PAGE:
From January 1, 2013, the whole domestic container shipping market would fall into the hands of the Vietnamese fleet. The biggest beneficiaries from the decision are the Vietnam Ship Owners’ Association and domestic shipping firms, which have been seeking the opportunities to regain the domestic container shipping market.
Prior to that, in an effort to settle the current abundance of the Vietnamese fleet capacity, the Ministry of Transport in late June 2012 released a document, stipulating the temporary halt of the presence of the ships under foreign flags on the domestic container shipping market.
The foreign fleet flying foreign flags includes 20 ships with the total tonnage of 500,000 DWT. From January 1, 2013, the extension of expired licenses and the granting of new licenses to the ships under foreign flags which have the validity of 3-6 months, would be suspended.
Bui Thien Thu, Deputy Head of the Vietnam Maritime Bureau (Vinamarine) has affirmed that foreign ship owners cannot stand against the decision, because Vietnam has the right to give priority to the fleet under the Vietnamese flag. This comes in line with the Maritime Law, the Vietnam’s WTO commitments and the organization’s rules on protecting the transport authority of member countries.
As such, with the new decision, the Vietnamese flag would have a golden opportunity to regain the domestic container shipping market which has the estimated value of one trillion dong a year.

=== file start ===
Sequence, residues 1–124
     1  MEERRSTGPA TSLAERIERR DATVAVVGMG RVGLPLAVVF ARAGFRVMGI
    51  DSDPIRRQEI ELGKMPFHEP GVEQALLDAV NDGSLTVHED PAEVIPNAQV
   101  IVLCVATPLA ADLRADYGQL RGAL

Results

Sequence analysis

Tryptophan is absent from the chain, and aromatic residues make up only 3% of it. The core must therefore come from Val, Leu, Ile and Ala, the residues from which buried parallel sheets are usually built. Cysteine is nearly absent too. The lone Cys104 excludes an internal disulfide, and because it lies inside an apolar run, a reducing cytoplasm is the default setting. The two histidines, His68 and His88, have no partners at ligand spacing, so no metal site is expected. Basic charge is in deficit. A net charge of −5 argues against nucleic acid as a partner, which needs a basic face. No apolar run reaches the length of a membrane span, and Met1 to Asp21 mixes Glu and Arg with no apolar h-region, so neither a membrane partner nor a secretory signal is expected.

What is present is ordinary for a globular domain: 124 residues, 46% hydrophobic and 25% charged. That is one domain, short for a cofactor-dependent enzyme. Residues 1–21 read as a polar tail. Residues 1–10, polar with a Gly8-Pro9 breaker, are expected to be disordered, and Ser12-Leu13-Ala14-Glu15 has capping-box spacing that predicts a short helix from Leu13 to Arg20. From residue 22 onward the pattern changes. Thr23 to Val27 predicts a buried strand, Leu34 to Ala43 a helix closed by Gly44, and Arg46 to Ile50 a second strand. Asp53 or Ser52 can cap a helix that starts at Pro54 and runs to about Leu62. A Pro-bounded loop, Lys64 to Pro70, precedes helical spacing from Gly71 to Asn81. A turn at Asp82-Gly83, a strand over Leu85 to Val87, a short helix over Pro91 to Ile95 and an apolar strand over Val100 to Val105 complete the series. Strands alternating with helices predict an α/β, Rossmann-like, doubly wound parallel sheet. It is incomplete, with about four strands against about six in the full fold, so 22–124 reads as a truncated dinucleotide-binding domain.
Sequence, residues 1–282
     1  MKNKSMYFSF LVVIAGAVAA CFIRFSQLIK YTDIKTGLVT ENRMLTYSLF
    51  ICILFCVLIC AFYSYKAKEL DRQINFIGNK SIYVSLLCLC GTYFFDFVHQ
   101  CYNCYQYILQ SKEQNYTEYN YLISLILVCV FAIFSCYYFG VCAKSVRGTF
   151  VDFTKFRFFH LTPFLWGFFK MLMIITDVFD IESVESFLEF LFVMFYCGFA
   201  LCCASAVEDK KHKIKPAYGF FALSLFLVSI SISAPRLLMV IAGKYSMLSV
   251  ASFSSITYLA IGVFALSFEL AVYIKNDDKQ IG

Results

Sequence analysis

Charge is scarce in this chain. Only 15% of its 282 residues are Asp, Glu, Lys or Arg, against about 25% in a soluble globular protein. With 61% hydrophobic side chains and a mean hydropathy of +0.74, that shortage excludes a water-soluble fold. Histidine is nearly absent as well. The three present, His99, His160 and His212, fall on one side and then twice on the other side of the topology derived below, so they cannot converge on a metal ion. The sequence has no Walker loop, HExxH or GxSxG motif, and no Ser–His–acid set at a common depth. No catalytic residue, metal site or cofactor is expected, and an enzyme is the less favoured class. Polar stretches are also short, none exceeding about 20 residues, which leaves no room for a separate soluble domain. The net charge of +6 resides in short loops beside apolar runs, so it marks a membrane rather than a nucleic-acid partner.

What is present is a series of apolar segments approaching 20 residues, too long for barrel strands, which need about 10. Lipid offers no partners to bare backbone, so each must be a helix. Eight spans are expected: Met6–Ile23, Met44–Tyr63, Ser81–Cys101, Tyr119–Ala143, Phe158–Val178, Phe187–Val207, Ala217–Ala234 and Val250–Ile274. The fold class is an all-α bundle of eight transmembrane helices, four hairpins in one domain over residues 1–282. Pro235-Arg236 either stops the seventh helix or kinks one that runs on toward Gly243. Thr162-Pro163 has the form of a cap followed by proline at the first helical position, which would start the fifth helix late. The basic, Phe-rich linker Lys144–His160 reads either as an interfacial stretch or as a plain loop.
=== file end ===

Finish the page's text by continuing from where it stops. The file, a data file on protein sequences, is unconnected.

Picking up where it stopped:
The decision has been described as a “tonic medicine” for the Vietnamese shipping firms, which are experiencing very tough days. Most shipping firms have reported loss due to the gloomy market. The Vietnam National Shipping Lines (Vinalines), which is called the “eldest brother” in the shipping sector, reportedly had 2200 workers sitting idle in the first six months of 2012 because of no job.
Vinamarine has been asked by the Ministry of Transport to join forces with Vinalines, the Vietnam Ship Owners’ Association and the ships under the Vietnamese flag to build up the plan to put Vietnamese ships into operation on domestic routes, to ensure that the cargo deadlock would not happen.
One year ago, a document of the ministry with the same content was released. However, this did not come true, since the domestic fleet was not capable enough to undertake the task of carrying container goods on domestic routes.
According to Vinamarine, there are some 1700 ships flying the Vietnamese flag which are running on domestic routes. Of these, there are only 30 container ships, which can satisfy 30 percent of the demand. This explained why the Ministry of Transport had to allow foreign ships to return to carry goods on domestic routes just 10 days after the last year’s document was released.
Meanwhile, domestic import-export companies still keep quiet amid the new decision, made in June 2012.
Analysts have pointed out that the service quality of domestic fleet is actually lower than that of the ships under foreign flags, especially the container ships of international well known shipping groups like Maersk or NYK Lines.
Thu admitted that domestic ships charge higher fees than foreign ones. Meanwhile, most domestic ships cannot satisfy the requirements on delivery time.
Phan Thong, Secretary General of the Vietnam Goods Owners’ Association, has expressed his worried that the priority given to Vietnamese ships may lead to the monopoly, which cannot help the Vietnamese fleet to upgrade its service quality. Source: SGTT